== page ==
21 Rules of Evidence 5 considerations must be given to any piece of documentary evidence –Document must not have been forged –Original documents are preferable “Best evidence rule” –Document must not be hearsay or objectionable “Statements against interest” –Document needs to be authenticated –Document must be reliable

22 Criminal Justice System Most cases never end up in the criminal justice system 3 routes that a target may enter criminal justice system –Warrantless arrest by police based on probable cause –Investigation that leads to the filing of an “Information” –Grand jury proceeding that leads to an indictment and subsequent arrest warrant by a judge “Without unnecessary delay”

23 Criminal Justice System Sufficient evidence exists to bring case to trial Indictment stage –Defendant is officially charged Arraignment hearing –Defendant is informed of the crime and charges against him –Advised of rights –Asked to enter plea Guilty Not guilty Nolo Contendere

24 Criminal Justice System Bench trial Trial by jury –Judge decides matters of law –Jury decides if evidence is sufficient “Mitigating circumstances” After verdict, convicted person may appeal verdict, sentence, or both Prison system –Community-based –Minimum security –Medium security –Maximum security

25 Criminal Justice System Parole –Reward for good behavior Probation –Alternative to prison Recidivism Discretion Businesses and other organizations may be prosecuted

26 Civil Justice System Right a wrong or resolve a dispute Recover losses and reap punitive damages Cease and Desist Orders How can fraud examiners and forensic accountants be utilized?

27 Complaints and Pre-Trial Activity Civil lawsuits begin with complaint Fraud civil complaints must be specific –Fraud misrepresentations –The impacted victim –How misrepresentations were false Discovery –Interrogatories –“Requests to produce documents” –Depositions –“Requests for admission”

28 Negotiated Remedies Out-of-court settlements –Both sides come to settlement position –Attorneys negotiate Mediation –Independent 3 rd party with no authority to decide case –Assists both sides –Work for mutually agreeable resolution Arbitration –Independent 3 rd party acts as judge and jury –Authority to determine outcome of case –Binding or non-binding verdict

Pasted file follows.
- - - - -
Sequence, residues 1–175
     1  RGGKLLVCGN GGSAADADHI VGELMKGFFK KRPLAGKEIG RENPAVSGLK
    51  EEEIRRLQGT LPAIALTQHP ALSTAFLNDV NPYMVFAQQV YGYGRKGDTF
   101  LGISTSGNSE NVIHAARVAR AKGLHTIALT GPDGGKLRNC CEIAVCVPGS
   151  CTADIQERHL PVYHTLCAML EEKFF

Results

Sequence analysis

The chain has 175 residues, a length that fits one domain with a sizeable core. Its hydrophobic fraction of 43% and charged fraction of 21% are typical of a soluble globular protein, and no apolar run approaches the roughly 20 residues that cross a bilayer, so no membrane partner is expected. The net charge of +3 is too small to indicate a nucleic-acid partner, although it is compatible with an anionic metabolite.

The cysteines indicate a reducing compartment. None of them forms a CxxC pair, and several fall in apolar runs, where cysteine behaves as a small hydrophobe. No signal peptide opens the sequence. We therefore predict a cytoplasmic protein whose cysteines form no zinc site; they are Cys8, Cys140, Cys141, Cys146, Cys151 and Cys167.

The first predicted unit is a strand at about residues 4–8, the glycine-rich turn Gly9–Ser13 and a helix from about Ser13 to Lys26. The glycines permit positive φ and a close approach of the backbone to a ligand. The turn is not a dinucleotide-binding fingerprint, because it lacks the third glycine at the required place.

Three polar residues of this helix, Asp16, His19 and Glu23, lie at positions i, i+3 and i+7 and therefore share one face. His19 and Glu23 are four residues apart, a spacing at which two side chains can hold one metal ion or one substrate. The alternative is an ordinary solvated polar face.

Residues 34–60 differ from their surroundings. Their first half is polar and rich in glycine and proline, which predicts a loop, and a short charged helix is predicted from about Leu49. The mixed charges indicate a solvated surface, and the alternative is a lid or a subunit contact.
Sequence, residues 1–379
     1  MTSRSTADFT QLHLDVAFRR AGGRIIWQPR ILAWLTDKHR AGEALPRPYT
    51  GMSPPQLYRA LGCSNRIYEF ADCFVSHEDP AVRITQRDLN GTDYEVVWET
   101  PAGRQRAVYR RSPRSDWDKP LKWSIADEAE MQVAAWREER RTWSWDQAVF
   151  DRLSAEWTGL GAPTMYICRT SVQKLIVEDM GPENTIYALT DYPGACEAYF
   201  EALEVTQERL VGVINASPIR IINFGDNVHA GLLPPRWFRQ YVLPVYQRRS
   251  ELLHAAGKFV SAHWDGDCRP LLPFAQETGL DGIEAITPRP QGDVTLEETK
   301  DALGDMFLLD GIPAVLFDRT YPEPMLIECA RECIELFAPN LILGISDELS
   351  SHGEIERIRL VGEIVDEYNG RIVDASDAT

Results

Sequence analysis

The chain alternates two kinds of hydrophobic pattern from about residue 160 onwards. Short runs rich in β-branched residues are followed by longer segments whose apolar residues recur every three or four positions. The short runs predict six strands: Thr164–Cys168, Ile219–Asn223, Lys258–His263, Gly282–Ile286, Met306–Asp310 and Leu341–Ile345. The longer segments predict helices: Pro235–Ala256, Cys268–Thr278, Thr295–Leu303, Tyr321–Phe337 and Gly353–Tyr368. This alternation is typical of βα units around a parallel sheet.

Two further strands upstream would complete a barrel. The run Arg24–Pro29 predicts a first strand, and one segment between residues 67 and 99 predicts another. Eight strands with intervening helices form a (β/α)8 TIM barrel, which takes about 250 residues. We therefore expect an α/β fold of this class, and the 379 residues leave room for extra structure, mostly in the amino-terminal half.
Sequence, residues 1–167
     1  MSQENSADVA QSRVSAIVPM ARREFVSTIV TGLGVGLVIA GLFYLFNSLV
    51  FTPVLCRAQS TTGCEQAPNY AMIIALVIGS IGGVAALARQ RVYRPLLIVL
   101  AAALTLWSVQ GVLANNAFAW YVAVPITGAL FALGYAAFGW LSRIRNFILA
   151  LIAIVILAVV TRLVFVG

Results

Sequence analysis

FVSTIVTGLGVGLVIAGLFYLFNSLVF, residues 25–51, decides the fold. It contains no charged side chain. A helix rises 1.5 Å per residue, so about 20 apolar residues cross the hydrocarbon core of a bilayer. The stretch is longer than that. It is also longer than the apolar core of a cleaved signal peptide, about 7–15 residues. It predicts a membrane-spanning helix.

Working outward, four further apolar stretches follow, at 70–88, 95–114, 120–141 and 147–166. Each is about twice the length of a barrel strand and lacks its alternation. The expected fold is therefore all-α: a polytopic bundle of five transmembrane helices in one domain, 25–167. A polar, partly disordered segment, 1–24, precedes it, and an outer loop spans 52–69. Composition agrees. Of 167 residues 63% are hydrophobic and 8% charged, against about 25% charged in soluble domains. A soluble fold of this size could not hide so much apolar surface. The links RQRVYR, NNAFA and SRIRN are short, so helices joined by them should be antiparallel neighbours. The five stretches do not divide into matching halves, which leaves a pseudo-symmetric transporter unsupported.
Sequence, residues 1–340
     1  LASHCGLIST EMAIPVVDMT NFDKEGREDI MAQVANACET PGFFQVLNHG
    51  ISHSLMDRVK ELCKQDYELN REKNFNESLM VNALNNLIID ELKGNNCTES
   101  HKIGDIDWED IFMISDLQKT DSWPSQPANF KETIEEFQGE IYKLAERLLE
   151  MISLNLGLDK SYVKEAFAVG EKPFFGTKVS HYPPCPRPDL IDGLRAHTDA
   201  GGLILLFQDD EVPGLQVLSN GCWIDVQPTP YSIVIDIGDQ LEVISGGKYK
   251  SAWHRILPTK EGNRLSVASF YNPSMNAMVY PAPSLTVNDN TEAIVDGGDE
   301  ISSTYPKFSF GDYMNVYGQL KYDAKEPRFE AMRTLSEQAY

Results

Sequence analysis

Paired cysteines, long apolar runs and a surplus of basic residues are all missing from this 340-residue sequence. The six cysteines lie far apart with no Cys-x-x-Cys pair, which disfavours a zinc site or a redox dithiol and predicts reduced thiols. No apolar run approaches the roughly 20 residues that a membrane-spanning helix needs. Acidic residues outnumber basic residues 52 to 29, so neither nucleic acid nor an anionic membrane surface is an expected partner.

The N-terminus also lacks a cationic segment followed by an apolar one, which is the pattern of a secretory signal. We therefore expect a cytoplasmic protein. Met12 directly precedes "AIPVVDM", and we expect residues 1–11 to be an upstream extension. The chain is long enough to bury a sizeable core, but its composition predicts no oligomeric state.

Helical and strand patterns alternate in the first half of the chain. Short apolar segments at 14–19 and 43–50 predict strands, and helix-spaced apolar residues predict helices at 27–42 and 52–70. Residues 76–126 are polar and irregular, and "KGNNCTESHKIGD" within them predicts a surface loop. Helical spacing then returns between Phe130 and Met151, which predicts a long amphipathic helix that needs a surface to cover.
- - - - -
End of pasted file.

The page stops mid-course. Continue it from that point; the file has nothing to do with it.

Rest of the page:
29 Pre-Trial Motions and the Civil Trial If attempts to settle case fail, pre-trial motions follow Differences between civil and criminal trials –Jury 6 persons –If opposing attorneys agree, unanimous verdict not required –Requires preponderance of evidence rather than “beyond a reasonable doubt” Post-judgment discovery

30 Regulatory System Basic Accounting Principles – a Survivor’s Guide to Accounting The AICPA and Statement on Auditing Standards No. 99 The Sarbanes-Oxley Act of 2002 The Public Company Accounting Oversight Board (PCAOB) COSO’s Enterprise Risk Management Framework (ERM) PCAOB’s Auditing Standards Nos. 3 and 5 IIA Practice Advisories 1210.A2-1 and 1210.A2-2

31 Basic Accounting Principles – A Survivor’s Guide to Accounting Balance Sheet Income Statement Statement of Cash Flows Accrual Accounting

32 The AICPA and Statement on Auditing Standards No. 99 Auditing standards for non-public companies –Reasonable assurance –Professional skepticism Compilation and review standards Other attestation standards Consulting standards Code of professional conduct

33 Fraudster’s Perspective Criminals exploit your humanity “Trust, but verify” White collar crime is a crime of deceit White collar criminals are artful liars

34 The Sarbanes-Oxley Act of 2002 Higher standards for corporate governance and accountability Independent regulatory framework Enhance quality and transparency of financial reports Severe civil and criminal penalties for corporate wrongdoers New protections for corporate whistleblowers

35 Public Company Accounting Oversight Board (PCAOB) Registration with the board Auditing, quality control, and independence standards and rules Inspections of registered public accounting firms Investigations and disciplinary proceedings

36 COCO’s Enterprise Risk Management Framework (ERM) Principles and components of effective risk management processes How risks should be identified, assessed and addressed Create anti-fraud environment Help entities achieve operational and financial objectives and goals

37 PCAOB’s Auditing Standards Nos. 3 and 5 AS3 – Audit documentation AS5 – Integrated Audit Anti-fraud controls –Control activities –Risk assessment –Control activities –Information and communication –Monitoring

38 The Role of Corporate Governance Protect investors Create long-term shareholder value Restore investor confidence Support strong and efficient capital markets Committee must ensure its independence “Tone at the top”